Re Sigma Finance Corporation (in Administrative Receivership)

JurisdictionEngland & Wales
CourtCourt of Appeal (Civil Division)
JudgeLord Justice Lloyd,Lord Justice Rimer,Lord Neuberger
Judgment Date25 November 2008
Neutral Citation[2008] EWCA Civ 1303
Docket NumberCase Nos: A2 2008/2689, 2697 and 2707
Date25 November 2008
In the matter of Sigma Finance Corporation (in Administrative Receivership)

[2008] EWCA Civ 1303


Lord Neuberger OF ABBOTSBURY

Lord Justice Lloyd


Lord Justice Rimer

Case Nos: A2 2008/2689, 2697 and 2707







Royal Courts of Justice

Strand, London, WC2A 2LL

Richard Sheldon Q.C. and Felicity Toube (instructed by Dechert LLP) for Interested Party B, Appellant in appeal 2008 / 2697

Simon Mortimore Q.C. and Daniel Bayfield (instructed by Jones Day LLP) for Interested Party C, Appellant in appeal 2008 / 2689

Sue Prevezer Q.C. and Edmund King (instructed by Quinn Emanuel Urquhart Oliver & Hedges LLP) for Interested Party D, Appellant in appeal 2008 / 2707

Mark Howard Q.C. and Jonathan Dawid (instructed by Mayer Brown International LLP) for Interested Party A, Respondent

Gabriel Moss Q.C. and Barry Isaacs (instructed by Lovells LLP) for the Administrative Receivers, Respondents

James Potts (instructed by Allen & Overy) for the Security Trustee, Respondent

Hearing date: 20 November 2008

Lord Justice Lloyd

This judgment is given on three appeals from an order of Sales J made on 7 November 2008, in proceedings issued on 3 November and heard by the judge on 4 November. The case is unusual not only for the speed at which the case was brought on and decided, at first instance and on appeal, but also because the identity of the Appellants and the principal Respondent is not disclosed, and the hearings have taken place, and judgments were delivered, in private. Nor was either the judge's judgment or our own to be disclosed, without further order of the court, because of considerations of commercial confidentiality. Having heard argument on the appeals on 20 November, we were asked by Counsel to give judgment, or at least to announce the result of the appeals, no later than today, having regard to the various steps that might need to be taken before or no later than Saturday 29 November, which is the end of a period of relevance under the document which we have to construe, as I will explain. For that reason we give judgment today, although, for my part at least, I would have preferred to have had more time in which to formulate and express my reasoning; among other things this judgment might then have been shorter.


I would like to pay tribute to the judge not only for his diligence and speed in giving judgment, but also for the clarity and comprehensive quality of his judgment. The case is far from easy, and the proper application of large sums of money, on the one hand, and the incidence as between competing creditors of a very large deficiency of assets, on the other, turn on the decision. Counsel representing the classes of competing creditors presented us with very clear, well argued and persuasive submissions, both written and oral. In the end I have come to the clear conclusion that the judge was right in his decision and his reasoning. As Rimer LJ is of the same opinion, and despite the dissent on the part of Lord Neuberger in relation to the appeals by Parties C and D, for reasons set out in their respective judgments, it follows that all the appeals will be dismissed. I set out my own reasons for that conclusion in what follows.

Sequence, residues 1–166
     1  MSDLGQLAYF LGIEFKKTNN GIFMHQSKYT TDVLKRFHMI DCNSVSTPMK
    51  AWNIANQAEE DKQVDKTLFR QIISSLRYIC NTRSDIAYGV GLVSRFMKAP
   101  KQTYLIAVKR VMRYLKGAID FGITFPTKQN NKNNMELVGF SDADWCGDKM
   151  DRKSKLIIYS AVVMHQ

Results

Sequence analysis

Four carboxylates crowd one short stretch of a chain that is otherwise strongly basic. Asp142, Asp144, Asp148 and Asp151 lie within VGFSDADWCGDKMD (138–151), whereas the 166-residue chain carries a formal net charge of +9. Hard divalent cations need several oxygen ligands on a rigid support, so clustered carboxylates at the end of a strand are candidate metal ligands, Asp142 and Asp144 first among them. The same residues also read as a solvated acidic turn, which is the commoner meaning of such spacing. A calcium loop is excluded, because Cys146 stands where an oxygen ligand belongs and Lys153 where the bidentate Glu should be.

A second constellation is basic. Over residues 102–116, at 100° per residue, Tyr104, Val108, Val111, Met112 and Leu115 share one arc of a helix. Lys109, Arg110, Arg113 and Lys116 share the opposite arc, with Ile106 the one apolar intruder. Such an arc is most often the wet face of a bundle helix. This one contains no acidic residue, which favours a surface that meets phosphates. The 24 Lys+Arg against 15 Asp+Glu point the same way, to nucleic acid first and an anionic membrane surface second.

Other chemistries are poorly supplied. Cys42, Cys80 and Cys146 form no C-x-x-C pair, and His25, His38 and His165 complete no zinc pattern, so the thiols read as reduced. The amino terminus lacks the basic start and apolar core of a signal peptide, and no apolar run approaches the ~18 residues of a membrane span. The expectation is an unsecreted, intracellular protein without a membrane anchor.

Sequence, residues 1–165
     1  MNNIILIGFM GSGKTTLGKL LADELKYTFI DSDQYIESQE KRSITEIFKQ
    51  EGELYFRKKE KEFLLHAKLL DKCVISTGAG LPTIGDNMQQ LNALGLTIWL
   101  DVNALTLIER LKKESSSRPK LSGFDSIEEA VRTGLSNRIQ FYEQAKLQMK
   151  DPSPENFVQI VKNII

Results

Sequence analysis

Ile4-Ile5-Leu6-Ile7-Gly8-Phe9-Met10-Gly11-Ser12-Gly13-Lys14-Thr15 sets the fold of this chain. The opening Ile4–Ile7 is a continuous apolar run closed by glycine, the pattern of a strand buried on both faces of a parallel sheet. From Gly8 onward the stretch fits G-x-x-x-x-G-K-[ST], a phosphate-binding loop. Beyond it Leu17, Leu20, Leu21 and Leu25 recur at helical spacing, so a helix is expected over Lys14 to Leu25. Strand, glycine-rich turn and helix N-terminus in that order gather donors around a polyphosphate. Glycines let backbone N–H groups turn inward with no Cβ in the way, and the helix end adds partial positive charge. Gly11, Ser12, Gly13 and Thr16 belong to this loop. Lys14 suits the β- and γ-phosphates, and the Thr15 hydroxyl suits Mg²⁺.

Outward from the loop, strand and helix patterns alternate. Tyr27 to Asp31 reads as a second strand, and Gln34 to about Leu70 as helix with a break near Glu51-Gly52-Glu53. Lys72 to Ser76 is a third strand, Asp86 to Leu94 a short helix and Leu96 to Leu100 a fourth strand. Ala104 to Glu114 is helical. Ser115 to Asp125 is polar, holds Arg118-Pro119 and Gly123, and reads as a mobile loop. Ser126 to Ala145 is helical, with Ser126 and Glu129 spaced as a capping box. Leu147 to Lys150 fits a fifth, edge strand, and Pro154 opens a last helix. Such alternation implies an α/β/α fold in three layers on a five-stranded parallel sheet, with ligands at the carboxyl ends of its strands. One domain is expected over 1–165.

The case is about the affairs of a structured investment vehicle, Sigma Finance Corporation, incorporated under the law of the Cayman Islands, to which I will refer as the SIV. Its business consists only of investing in asset-backed securities and other financial instruments. It issued, or guaranteed, US dollar Medium Term Notes (MTNs) and Euro MTNs in order to finance its activities. Its creditors include the holders of these MTNs, and also the providers of liquidity under liquidity facilities, counterparties in relation to derivatives used as a hedge against currency and interest rate risks, "repo" counterparties under repurchase and securities lending agreements, and the holders of Capital Notes. All of these creditors, other than the holders of Capital Notes and the "repo" counterparties, are secured creditors. In effect, all of the SIV's assets are secured in favour of the secured creditors under a Security Trust Deed (STD). The STD is governed by English law, and has a jurisdiction clause under which these proceedings have been brought here.


The available assets now fall very far short of the amount needed to pay even the secured creditors of the SIV in full, hence the competition between various classes of creditors, and the dispute as to the correct application of the STD in the present circumstances. The judge recorded at paragraph 7 that: